Should SSL be terminated at a load balancer?
When hosting a cluster of web application servers it’s common to have a reverse proxy (HAProxy, Nginx, F5, etc.) in between the cluster and the public internet to load balance traffic among app servers. In order to perform deep packet inspection, SSL must be terminated at the load balancer (or earlier), but traffic between the load balancer and the app servers would be unencrypted. Wouldn't early termination of SSL leave the app servers vulnerable to packet sniffing or ARP poisoning?
Should SSL be offloaded? If so, how can it be done without compromising the integrity of the data being served? My main concern is for a web application where message layer encryption isn't an option.
And interestingly enough, only a few months after this question was posted back in 2013: Meet 'Muscular': NSA accused of tapping links between Yahoo, Google datacenters, Google, the NSA, and the need for locking down datacenter traffic, Google Boosting Encryption Between Data Centers, ...
It seems to me the question is "do you trust your own datacenter". In other words, it seems like you're trying to finely draw the line where the untrusted networks lie, and the trust begins.
In my opinion, SSL/TLS trust should terminate at the SSL offloading device since the department that manages that device often also manages the networking and infrastructure. There is a certain amount of contractual trust there. There is no point of encrypting data at a downstream server since the same people who are supporting the network usually have access to this as well. (with the possible exception in multi-tenant environments, or unique business requirements that require deeper segmentation).
A second reason SSL should terminate at the load balancer is because it offers a centralized place to correct SSL attacks such as CRIME or BEAST. If SSL is terminated at a variety of web servers, running on different OS's you're more likely to run into problems due to the additional complexity . Keep it simple, and you'll have fewer problems in the long run.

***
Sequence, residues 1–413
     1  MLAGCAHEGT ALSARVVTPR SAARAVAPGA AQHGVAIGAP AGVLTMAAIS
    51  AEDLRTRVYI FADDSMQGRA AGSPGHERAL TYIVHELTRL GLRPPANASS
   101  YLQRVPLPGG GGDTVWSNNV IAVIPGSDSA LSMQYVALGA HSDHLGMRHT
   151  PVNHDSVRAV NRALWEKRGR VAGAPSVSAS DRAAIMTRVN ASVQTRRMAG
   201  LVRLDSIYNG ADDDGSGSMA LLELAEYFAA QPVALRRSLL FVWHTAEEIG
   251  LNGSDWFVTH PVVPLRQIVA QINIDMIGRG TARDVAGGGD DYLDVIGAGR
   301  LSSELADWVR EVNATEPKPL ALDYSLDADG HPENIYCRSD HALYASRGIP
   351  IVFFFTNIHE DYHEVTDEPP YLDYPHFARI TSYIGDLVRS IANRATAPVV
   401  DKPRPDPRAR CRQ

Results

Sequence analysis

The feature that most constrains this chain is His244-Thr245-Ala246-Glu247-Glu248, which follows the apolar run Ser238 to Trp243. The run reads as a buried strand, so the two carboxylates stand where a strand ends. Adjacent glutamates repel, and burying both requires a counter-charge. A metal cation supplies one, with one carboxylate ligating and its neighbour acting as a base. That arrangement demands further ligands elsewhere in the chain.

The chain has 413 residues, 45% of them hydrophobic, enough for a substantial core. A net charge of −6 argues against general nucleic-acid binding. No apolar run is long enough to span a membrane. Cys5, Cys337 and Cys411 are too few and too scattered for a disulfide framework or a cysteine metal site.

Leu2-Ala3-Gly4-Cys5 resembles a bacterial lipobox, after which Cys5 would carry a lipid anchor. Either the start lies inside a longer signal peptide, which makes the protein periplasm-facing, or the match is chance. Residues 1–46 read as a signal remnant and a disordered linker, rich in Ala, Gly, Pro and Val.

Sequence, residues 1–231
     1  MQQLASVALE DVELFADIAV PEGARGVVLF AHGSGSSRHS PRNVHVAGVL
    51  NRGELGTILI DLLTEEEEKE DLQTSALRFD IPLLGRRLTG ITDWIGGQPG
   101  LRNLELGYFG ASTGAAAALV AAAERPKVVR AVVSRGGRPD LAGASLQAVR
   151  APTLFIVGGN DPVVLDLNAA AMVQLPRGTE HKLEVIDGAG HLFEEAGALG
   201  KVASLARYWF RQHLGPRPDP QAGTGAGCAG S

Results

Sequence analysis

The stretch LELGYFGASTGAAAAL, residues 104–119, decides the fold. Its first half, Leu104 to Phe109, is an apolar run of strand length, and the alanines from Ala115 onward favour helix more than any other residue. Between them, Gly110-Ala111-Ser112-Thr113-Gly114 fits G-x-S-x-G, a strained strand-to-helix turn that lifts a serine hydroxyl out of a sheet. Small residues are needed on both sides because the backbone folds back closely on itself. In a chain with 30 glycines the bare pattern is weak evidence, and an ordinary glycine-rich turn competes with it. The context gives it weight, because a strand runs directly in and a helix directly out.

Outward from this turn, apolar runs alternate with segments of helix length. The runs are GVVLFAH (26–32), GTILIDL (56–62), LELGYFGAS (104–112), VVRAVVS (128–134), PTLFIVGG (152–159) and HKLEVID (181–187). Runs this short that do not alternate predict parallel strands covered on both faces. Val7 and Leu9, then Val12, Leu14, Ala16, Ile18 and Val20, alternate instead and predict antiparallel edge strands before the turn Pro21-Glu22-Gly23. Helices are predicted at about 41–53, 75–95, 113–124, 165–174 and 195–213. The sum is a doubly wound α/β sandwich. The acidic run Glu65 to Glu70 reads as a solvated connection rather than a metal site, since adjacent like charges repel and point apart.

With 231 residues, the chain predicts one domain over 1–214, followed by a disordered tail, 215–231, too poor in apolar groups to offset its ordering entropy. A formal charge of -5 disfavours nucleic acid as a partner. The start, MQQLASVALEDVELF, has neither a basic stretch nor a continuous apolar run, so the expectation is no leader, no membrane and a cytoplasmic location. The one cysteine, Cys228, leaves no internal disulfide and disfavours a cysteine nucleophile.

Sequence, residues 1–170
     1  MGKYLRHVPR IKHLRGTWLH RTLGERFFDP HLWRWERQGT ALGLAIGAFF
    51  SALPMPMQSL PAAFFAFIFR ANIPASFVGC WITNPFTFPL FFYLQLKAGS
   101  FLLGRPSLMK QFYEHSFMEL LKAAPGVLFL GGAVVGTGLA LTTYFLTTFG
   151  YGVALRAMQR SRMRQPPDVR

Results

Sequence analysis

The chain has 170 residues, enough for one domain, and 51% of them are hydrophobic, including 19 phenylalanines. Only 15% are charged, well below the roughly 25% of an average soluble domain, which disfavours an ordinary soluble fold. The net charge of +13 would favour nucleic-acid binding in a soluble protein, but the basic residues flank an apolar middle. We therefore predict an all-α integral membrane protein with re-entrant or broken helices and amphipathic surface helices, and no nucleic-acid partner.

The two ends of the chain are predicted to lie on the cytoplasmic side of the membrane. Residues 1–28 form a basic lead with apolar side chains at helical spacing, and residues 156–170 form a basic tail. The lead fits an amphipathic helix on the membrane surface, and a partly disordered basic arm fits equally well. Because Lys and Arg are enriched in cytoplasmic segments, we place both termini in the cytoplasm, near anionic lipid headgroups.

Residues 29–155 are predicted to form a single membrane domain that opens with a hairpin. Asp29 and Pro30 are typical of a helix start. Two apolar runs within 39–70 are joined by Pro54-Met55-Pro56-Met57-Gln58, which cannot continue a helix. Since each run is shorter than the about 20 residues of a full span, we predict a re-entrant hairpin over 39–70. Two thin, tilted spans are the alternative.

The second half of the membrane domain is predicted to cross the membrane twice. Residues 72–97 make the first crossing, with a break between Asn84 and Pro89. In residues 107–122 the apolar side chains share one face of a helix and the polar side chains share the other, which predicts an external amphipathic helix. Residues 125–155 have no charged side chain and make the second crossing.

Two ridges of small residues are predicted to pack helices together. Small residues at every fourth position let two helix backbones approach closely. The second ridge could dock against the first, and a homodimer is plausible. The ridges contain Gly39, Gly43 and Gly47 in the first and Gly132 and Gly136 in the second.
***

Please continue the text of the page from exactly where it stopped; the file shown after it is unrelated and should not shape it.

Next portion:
That being said
- Yes, terminate at the load balancer and SSL offload there. Keep it simple.
- The Citrix Netscaler load balancer (for example) can deny insecure access to a URL. This policy logic, combined with the features of TLS should ensure your data remains confidential and tamper-free (given that I properly understand your requirement of integrity)
It's possible (and common) to
- Outsource the load balancer (Amazon, Microsoft, etc)
- Use a 3rd party CDN (Akamai, Amazon, Microsoft, etc)
- Or use a 3rd party proxy to prevent DoS attacks
... where traffic from that 3rd party would be sent to your servers over network links you don't manage. Therefore may not trust those unencrypted links. In that case you should re-encrypt the data, or at the very least have all of that data travel through a point-point VPN.
Microsoft does offer such a VPN product and allows for secure outsourcing of the perimeter.
What if I'm not using a load balancer within my own datacenter but instead a CDN? E.g. Cloudflare has a 'Flexible SSL' mode where it's SSL to the CDN, then non-SSL to the original server. Maybe this is different enough of a scenario to warrant its own question?
If you're on a secured colocation, then it's natural that you trust your own machine (which inside a physical cage) more than you trust the data center.
@LamonteCristo: In the cases when there are multiple data centres involved and let's say that before fulfilling the request, traffic hitting at dc1 in America and has to hit dc2 in Japan too, so in this case it makes sense to re-encrypt the traffic between dc1 and dc2, correct?
@PiyushKansal Some companies have a network layer VPN in these instances, so you don't have to worry about this, but if this doesn't exist yes, I would re-encrypt. I don't know about your particular situation, but there may be things to consider like the SafeHarbor ( https://safeharbor.export.gov/list.aspx ) trust lists, and your company's legal responsibility in an international situation like yours